PROVIDENCE – Paycheck relief loans are the topic du jour when it comes to the federal stimulus package and lenders, but that’s not the only way the $2 trillion relief plan is affecting financial institutions.
The Coronavirus Aid, Relief, and Economic Security Act lays out a number of changes aimed at easing the burden on banks and credit unions for working with borrowers, reporting requirements and the amount of capital they need to keep in reserve.
Perhaps the most significant of these changes in the eyes of Rhode Island bank and credit union leaders is relief on troubled debt restructuring, which is designed to encourage lenders to work with borrowers who need to modify the terms of their loan.
“This is a really good example of something that will encourage banks to help their borrowers in the near term rather than step away and preserve their capital position,” said Mark K. W. Gim, president and chief operating officer of The Washington Trust Co.
Typically, the additional federal scrutiny, reduced capital levels and administrative hassle that accompanies a troubled debt restructuring doesn’t exactly incentivize lenders to work with their financially struggling borrowers on such changes. Under the relief portion of the bill, lenders can work with borrowers on changes such as reducing accrued interest, extending the maturity date of the loan, or even deferring payments.
In the wake of this decision, Pawtucket Credit Union has set up a payment deferral program allowing those with home equity, boat or mortgage loans to defer up to two months of payments. Already, many borrowers have called to ask about the details or indicated they will take advantage of the offer, said George Charette, Pawtucket Credit Union CEO and president.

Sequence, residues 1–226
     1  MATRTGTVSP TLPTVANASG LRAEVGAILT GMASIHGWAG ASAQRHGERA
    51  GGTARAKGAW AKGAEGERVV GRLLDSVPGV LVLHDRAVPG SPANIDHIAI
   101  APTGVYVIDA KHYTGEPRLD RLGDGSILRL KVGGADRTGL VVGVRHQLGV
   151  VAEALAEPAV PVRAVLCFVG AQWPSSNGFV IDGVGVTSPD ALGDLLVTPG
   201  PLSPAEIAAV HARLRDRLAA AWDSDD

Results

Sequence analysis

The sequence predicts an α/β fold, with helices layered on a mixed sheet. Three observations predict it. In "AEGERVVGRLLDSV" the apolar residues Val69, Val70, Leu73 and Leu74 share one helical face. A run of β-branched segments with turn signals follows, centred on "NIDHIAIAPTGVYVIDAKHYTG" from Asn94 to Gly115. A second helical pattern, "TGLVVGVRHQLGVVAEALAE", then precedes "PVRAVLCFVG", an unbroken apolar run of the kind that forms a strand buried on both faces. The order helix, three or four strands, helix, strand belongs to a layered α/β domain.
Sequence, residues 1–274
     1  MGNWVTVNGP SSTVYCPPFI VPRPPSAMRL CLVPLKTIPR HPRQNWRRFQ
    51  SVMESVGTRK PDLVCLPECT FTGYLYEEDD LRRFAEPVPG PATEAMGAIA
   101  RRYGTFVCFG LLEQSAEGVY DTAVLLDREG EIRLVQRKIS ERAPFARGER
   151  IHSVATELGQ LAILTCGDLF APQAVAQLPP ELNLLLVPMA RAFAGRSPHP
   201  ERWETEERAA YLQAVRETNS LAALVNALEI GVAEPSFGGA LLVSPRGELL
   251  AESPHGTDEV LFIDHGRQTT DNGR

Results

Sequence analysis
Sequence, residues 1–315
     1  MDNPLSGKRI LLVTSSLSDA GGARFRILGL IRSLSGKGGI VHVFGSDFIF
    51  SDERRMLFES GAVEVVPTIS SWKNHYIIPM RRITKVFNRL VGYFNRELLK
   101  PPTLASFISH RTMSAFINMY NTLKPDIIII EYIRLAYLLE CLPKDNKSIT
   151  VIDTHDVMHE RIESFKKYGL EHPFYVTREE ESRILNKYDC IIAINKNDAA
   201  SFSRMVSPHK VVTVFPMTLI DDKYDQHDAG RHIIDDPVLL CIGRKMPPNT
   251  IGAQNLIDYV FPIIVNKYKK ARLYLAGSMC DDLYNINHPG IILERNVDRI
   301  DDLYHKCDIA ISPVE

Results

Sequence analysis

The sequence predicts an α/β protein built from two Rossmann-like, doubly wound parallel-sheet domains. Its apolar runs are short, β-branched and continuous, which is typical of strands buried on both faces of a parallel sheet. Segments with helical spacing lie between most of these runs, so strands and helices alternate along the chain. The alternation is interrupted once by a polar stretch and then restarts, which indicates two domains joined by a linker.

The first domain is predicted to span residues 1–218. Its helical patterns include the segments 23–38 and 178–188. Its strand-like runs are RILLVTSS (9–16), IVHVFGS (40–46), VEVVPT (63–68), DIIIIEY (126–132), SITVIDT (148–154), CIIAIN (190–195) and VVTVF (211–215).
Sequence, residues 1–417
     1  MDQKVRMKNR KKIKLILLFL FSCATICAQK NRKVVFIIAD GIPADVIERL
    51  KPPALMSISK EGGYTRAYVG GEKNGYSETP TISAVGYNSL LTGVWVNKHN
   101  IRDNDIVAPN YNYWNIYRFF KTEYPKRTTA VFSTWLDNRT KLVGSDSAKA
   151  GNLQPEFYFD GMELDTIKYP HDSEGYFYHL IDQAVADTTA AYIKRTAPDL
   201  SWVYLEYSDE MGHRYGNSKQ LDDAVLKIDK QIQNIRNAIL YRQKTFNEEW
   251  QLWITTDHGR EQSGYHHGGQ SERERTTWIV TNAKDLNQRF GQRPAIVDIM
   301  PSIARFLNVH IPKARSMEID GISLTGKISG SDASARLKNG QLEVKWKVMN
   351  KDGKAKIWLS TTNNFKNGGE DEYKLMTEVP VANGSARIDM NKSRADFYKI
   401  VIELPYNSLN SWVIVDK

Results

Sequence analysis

The stimulus bill also lowers the capital reserve ratio community banks have to keep on hand from 9% to 8%, and delays the onset of new accounting requirements for credit losses.
Taken as a whole, the looser regulations and reporting requirements ease the burden on financial institutions, which is particularly important as they grapple with serving existing borrowers and those seeking forgivable loans through the Paycheck Protection Program.
“If we’re looking at regulations first and communities second, we won’t be putting the right priorities in place,” Gim said.
Nancy Lavin is a staff writer for PBN. Contact her at Lavin@pbn.com.